some extreme impact scenarios postulate extensive acid rain bathing the earth for a long time after the impact. However, the survival of amphibians shows that this is simply a fantasy (Weil 1984). Amphibians breathe through their porous skins and are sensitive to slight changes in the acidity of their watery habitat. Even now, the slightly more acidic conditions of lakes and ponds due to human-induced acid rain are causing frogs and salamanders to die out rapidly. If the entire earth had been subjected to a huge acid bath, there simply would not be a frog or salamander alive on the earth today. p.38.
After the Dinosaurs, Donald R. Prothero, 2006.


Image:Frogs, Salamanders Image:Frogs, Salamanders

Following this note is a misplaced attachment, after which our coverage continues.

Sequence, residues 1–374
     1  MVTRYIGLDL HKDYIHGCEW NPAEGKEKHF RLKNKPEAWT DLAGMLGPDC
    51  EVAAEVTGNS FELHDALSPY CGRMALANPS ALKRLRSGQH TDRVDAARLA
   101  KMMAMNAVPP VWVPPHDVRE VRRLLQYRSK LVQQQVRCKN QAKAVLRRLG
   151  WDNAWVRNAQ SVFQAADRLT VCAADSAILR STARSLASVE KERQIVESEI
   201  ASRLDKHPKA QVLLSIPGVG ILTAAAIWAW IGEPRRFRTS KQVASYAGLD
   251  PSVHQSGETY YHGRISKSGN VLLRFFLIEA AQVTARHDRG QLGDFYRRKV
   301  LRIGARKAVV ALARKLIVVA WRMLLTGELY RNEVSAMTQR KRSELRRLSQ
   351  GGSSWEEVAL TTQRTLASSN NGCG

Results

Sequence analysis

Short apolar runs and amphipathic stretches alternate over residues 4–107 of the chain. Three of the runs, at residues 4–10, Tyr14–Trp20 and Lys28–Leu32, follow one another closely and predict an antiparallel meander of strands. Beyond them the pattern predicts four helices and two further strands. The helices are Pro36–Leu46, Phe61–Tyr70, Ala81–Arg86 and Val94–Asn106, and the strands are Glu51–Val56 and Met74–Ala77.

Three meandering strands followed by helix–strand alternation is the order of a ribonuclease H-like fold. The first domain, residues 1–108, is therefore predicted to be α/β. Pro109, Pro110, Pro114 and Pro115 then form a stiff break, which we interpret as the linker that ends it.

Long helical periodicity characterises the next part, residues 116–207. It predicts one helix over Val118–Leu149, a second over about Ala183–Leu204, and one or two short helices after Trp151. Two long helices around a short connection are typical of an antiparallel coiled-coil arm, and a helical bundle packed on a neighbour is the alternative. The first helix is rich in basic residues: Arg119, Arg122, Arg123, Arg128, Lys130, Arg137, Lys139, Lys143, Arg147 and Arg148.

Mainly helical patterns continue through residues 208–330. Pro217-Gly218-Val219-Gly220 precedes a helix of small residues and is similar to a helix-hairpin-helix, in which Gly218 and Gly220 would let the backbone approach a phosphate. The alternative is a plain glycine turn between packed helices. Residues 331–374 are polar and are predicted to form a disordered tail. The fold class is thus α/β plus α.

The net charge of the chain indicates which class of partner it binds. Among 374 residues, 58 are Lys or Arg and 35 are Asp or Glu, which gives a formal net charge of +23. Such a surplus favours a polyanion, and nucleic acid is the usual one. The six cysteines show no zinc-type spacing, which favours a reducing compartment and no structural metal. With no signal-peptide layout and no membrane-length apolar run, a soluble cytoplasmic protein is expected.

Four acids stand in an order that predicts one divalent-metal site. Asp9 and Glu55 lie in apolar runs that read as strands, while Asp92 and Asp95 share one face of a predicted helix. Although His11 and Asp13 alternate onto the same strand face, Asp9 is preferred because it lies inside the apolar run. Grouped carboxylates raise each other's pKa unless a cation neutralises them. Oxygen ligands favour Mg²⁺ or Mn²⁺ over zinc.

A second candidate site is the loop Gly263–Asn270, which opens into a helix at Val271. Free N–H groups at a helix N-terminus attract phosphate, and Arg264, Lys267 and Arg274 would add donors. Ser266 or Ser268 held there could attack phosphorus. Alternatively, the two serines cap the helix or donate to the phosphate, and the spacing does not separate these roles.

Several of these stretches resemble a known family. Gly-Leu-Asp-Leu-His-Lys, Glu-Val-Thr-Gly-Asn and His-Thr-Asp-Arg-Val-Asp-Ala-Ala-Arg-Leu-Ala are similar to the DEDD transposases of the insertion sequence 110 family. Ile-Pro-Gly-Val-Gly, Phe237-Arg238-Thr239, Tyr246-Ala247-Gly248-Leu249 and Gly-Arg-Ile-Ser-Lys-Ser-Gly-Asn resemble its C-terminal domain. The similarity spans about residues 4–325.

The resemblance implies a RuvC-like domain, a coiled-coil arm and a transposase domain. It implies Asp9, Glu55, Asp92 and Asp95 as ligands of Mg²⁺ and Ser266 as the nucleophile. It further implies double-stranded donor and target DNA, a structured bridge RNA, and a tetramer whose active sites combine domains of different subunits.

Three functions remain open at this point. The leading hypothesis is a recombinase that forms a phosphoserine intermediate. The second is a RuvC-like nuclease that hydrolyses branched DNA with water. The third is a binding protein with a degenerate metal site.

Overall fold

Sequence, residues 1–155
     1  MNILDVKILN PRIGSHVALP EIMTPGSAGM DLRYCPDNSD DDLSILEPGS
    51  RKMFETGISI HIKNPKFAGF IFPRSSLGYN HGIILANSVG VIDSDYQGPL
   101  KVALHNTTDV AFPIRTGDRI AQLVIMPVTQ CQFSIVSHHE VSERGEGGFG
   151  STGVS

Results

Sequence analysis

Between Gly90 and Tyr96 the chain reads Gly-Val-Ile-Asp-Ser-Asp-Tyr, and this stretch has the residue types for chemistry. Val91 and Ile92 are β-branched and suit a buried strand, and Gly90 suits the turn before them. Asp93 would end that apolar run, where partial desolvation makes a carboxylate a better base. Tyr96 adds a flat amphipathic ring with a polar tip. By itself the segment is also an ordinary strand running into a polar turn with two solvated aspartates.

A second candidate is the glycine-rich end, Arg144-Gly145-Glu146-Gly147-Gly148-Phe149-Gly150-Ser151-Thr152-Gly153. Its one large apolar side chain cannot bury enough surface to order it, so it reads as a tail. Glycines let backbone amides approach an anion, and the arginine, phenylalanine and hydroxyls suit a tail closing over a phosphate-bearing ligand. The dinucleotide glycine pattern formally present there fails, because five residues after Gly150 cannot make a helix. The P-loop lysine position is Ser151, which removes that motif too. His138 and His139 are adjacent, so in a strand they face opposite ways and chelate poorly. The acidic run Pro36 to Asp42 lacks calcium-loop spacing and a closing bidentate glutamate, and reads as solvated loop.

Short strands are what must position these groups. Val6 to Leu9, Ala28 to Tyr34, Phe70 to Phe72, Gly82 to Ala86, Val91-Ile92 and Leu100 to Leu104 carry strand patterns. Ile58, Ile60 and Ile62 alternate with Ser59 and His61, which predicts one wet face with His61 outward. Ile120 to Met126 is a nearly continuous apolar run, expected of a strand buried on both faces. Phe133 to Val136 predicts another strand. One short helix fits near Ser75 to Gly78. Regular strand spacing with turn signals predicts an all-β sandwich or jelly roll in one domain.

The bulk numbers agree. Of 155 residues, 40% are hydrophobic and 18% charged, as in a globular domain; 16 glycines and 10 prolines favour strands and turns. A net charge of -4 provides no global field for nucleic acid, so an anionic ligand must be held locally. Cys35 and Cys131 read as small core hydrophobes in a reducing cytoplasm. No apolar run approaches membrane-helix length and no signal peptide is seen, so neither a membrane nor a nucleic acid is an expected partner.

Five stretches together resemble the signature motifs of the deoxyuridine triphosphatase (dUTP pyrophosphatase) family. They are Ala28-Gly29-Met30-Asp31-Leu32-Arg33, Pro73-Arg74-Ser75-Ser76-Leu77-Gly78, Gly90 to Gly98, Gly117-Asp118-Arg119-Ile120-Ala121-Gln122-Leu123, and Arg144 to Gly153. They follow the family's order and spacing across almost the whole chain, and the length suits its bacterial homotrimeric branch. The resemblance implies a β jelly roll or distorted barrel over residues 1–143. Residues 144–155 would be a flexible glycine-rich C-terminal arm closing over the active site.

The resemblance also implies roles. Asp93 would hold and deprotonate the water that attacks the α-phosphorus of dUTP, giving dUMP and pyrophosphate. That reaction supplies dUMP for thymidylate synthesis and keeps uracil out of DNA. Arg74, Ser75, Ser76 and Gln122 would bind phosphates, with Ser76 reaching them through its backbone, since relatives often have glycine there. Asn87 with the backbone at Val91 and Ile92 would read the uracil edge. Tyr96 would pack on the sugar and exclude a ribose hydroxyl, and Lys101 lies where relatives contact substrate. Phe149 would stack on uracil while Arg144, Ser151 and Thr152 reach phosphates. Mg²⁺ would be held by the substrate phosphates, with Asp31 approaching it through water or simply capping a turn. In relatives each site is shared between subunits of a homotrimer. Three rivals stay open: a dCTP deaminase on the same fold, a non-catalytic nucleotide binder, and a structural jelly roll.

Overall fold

Frogs, Salamanders

Image:Frogs, Salamanders Image:Frogs, Salamanders

Frogs, Salamanders

Image:Frogs, Salamanders Image:Frogs, Salamanders

Frogs, Salamanders

Since then evolutionists have been furiously running in backpedalling mode, trying to dig themselves out of a hole larger than the one made by the supposed meteor impact at 66 Ma.

Backpedalling Evolutionists
Image:Backpedalling
Image:Backpedalling
Image:Backpedalling
Man at front: "Hey, you at the end! You're facing the wrong way!"
Biker at other end: "I'm an evolutionist!"

But how can they do it? One of the earlier voices who spoke out against the impact scenarios, realising that support for the theory was steadily growing, suggested one possible way out:

the hellish scenarios of the impact and its effects on the earth must be greatly exaggerated, because so many animals that could not survive such conditions (such as amphibians, crocodiles, insects, and freshwater fish) did survive. pp38, 39.
After the Dinosaurs, Donald R. Prothero, 2006.